And he insists that everyone who wants to vote come up with proper photo identification before being given a ballot. This is supposed to prevent voter fraud, as when an unscrupulous person attempts to cast ballots in two different municipalities (according to the secretary of state, this infraction occurs roughly as often as space aliens attempting to run for the Maine Legislature). He doesn't seem concerned that this requirement will enable teenagers — with fake IDs obtained on the Internet so they could buy beer — to take part in elections, while denying that right to anyone whose only identification with a picture happens to be a US passport (which doesn't meet Cebra's exacting standards because it doesn't contain the holder's home address).
In their euphoria over assuming power in Augusta for the first time since Chester A. Arthur was president, Republicans like Cebra seem to have forgotten the principles they stood for when they were in the opposition, those of restraint of governmental authority and limited interference in the lives of law-abiding citizens and teenagers with fake IDs.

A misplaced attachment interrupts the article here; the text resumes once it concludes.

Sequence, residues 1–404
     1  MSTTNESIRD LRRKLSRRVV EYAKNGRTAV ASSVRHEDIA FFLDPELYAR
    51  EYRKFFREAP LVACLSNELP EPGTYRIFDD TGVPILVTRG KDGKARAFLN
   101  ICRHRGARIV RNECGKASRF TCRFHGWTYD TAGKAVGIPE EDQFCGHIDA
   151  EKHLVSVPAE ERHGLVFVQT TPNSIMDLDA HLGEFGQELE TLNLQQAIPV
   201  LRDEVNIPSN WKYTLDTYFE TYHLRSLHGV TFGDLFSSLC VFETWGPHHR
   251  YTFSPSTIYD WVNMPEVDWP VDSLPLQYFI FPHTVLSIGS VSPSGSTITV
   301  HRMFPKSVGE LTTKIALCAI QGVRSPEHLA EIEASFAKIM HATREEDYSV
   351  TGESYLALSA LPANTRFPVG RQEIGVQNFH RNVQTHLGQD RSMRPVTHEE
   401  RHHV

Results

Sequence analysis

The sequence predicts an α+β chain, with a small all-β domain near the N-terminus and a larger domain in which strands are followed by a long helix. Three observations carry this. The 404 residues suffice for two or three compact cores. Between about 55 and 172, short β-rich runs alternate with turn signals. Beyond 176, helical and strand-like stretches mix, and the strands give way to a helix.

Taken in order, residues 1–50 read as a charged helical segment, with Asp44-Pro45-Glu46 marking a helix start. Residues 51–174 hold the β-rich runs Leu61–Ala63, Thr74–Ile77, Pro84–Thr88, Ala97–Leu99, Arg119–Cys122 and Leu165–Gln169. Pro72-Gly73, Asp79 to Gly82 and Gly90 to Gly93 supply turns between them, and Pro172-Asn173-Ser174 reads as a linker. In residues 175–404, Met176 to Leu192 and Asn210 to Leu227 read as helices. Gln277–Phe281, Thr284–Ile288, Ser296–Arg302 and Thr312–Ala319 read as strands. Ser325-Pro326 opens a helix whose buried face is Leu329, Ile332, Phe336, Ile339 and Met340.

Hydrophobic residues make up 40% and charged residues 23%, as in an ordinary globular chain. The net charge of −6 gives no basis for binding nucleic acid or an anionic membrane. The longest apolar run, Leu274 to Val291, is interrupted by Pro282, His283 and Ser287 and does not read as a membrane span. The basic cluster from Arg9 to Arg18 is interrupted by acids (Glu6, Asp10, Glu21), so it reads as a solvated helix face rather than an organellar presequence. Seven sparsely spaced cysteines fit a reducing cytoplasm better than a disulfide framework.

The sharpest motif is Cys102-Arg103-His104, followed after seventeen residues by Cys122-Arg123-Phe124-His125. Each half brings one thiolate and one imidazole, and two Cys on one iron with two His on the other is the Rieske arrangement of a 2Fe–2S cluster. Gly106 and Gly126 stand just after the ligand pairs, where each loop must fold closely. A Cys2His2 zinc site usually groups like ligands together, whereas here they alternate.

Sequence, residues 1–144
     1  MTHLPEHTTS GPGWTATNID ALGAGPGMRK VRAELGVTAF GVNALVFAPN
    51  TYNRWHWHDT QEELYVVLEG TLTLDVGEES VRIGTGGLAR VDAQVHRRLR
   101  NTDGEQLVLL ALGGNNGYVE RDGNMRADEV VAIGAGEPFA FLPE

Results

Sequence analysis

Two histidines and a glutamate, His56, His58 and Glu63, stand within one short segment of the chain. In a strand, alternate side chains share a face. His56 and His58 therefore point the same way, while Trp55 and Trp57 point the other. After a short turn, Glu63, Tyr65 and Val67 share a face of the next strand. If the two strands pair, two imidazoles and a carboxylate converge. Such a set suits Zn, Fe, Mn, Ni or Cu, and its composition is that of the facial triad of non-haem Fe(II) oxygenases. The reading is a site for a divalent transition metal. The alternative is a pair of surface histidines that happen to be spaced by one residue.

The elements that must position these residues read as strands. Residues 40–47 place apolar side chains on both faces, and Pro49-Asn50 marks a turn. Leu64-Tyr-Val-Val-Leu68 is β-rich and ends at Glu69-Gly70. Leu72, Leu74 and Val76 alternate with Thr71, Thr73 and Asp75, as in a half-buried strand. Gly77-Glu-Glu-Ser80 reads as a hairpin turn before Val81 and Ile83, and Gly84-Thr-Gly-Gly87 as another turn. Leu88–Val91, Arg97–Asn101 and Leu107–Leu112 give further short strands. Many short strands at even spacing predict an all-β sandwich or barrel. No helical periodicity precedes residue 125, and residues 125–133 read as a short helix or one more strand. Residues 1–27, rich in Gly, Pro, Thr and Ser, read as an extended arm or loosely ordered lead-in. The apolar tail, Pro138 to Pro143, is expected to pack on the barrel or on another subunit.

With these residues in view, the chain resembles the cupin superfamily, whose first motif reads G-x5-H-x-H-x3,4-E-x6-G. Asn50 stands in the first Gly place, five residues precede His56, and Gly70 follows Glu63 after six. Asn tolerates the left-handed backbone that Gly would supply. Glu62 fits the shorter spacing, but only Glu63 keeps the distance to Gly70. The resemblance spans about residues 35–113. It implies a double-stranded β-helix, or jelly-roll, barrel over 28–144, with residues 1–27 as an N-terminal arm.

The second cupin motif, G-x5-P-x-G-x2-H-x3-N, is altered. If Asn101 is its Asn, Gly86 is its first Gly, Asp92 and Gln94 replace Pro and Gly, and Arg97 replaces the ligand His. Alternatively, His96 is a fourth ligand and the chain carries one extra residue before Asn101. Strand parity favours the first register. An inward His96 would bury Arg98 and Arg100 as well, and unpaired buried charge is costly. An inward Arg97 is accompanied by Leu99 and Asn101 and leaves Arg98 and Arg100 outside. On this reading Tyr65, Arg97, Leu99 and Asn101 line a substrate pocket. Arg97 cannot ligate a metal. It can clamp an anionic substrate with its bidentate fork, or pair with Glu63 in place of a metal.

"I heartily accept the motto, 'That government is best which governs least,'" wrote Henry David Thoreau, adding, "Carried out, it finally amounts to this, which I also believe, — 'That government is best which governs not at all.'"
The GOP should keep that bit of minimalism in mind, lest libertarian voters vent their spleens — not to mention their bladders — by washing away the Republican majority and replacing it with a different breed of jellyfish.
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: Talking Politics
, Politics, Republicans, Henry David Thoreau, More